Expectations Clash on Travis Snider
Tuesday, November 8, 2011 | by Ian Hunter
While all those delicious and succulent meats don't clash on one single plate, there is one thing that does clash; expectations for Travis Snider. Some view him as a stud outfielder with 30+ home run pop, and others see Snider as a dime a dozen outfielder.
Gregg Zaun reiterated multiple times during the season that it's sink or swim time for Travis Snider, and I couldn't agree more. The Blue Jays are long overdue to find out whether they have a legitimate stud on their hands, or just another outfielder.
And much like Zaun, I really didn't notice anything different with Snider's swing after he was called back up from Las Vegas in early July. If anything, they might have tweaked his swing slightly, but did it warrant a trip to the minors?
Isn't that something that could've been done with work from Dwayne Murphy and a little extra batting practice? I don't doubt there was some part of Snider's swing that needed work, but it's not like he looked like a kid swinging blindly at a pinata.
There was something fishy about Snider's demotion back then, and there's still something suspect about it now. And just in case there wasn't enough doubt planted in everyone's heads, the Blue Jays sent him back down again at the beginning of August.
Even though it feels like Travis Snider has spent a great deal of time with the club over the years, he's actually only accumulated just over one year of service time. If it feels like the Travis Snider Experiment has been a work in progress, it's because it has.
2012 will mark the fifth season that Travis has spent with the team, and yet amazingly he'll only be 24 years old when Spring Training camp kicks off. Just as a comparison, Eric Thames is a player who is at a similar point in his career, and he's soon to be 25 years old.
Despite Snider's young age and low service time, it still feels like we're nowhere closer to finding out where the Blue Jays stand with him.
By all indications, 2011 was going to be the year where we would find out if Travis Snider was going to sink or swim. It seemed like Alex Anthopoulos and John Farrell were ready to back their once highly-touted prospect and were willing to give him a chance to live up to the hype.
Instead, 2011 was another year of confusion and I hate to say it, but regression for Travis Snider. Now there are even more question marks than ever about him, and whether he'll be ready to reclaim a starting position for next season.
The problem now is there is a young crop of players who have elevated their game to Snider's, and even surpassed it. Eric Thames is a perfect example of that, and arguably he has a leg up on the others for the starting left field job.
So to give the reins to Travis Snider for the left field position is almost unfair to Eric Thames. Again, I hate to say it but Thames is way ahead of Snider on the outfield depth chart at this point. Snider may have more upside, but Thames offers more consistency.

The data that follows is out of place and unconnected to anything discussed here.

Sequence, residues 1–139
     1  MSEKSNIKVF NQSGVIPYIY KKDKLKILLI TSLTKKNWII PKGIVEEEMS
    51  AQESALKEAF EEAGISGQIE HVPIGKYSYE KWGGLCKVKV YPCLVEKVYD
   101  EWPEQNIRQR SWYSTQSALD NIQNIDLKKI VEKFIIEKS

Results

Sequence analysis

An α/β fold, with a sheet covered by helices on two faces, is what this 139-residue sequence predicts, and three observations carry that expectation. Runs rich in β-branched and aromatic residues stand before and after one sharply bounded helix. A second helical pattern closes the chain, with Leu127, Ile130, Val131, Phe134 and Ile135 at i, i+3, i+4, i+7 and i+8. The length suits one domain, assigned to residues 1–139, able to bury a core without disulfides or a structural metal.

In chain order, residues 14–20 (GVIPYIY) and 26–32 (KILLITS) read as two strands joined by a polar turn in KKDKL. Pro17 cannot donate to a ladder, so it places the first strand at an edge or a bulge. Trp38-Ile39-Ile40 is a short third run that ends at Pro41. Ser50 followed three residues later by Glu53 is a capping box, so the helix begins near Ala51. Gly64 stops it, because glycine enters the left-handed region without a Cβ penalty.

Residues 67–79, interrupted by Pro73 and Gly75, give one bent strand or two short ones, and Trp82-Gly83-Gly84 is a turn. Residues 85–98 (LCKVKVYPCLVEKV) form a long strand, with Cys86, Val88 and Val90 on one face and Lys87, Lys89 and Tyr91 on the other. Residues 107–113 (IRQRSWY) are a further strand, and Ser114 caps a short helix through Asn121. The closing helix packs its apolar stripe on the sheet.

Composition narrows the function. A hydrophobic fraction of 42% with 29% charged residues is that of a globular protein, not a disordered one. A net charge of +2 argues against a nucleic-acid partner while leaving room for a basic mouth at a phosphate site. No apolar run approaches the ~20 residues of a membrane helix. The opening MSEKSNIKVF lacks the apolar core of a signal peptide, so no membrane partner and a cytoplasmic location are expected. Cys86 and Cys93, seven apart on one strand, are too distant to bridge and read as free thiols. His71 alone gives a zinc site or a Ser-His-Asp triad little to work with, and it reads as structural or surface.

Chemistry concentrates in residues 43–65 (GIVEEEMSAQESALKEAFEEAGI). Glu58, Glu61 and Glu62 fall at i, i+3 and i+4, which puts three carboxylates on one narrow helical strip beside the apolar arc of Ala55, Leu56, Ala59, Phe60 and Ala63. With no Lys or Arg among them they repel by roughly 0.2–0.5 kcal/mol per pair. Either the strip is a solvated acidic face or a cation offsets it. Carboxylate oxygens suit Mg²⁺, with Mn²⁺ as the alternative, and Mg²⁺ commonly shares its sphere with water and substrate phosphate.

But it's hardly all Travis Snider's fault; I think the powers that be were a little guilty of mishandling him this season. It looked like they didn't want to see him fail at the major league level, and instead hid him in the shadows of Las Vegas.
Not that I'm trying to relate developing a baseball player to raising a child, but with both situations I think you have to let them make their own mistakes. Even if that means Snider batting below the Mendoza Line at the All-Star Break, he needs to understand what that feels like in order to make him a better player in the future.
After all, it's not like the Blue Jays were playing for a pennant back in April and May. Better for Snider to work out the kinks now then a few years down the road when they could be in contention and really need to know what they have with Travis Snider.
The funny thing about this whole situation is if Travis Snider were not with the Toronto Blue Jays, he'd be the exact kind of player that Alex Anthopoulos would be gunning for. Snider is a high ceiling player, but a victim of his circumstance. A change of scenery and a change to play every day would no doubt unearth his potential.
And don't think that other GM's aren't thinking the exact same thing about Travis Snider, because I'm sure they'd be willing to trade for him in a heartbeat. Being under team control for just under five more seasons also makes Snider an attractive acquisition.
I think 2012 is the year that the Blue Jays need to decide whether they want to give Travis the reins and let him have an everyday job, or they need to trade him. With so many young talented players in the farm system, the organization has to figure out where Snider is a viable option in the outfield for the immediate future.
And if he doesn't fit into those plans, then it's time to send him to another team and get as much back in return as they can. You can only yo-yo a player around so much before they begin to develop a yearning for a change of scenery.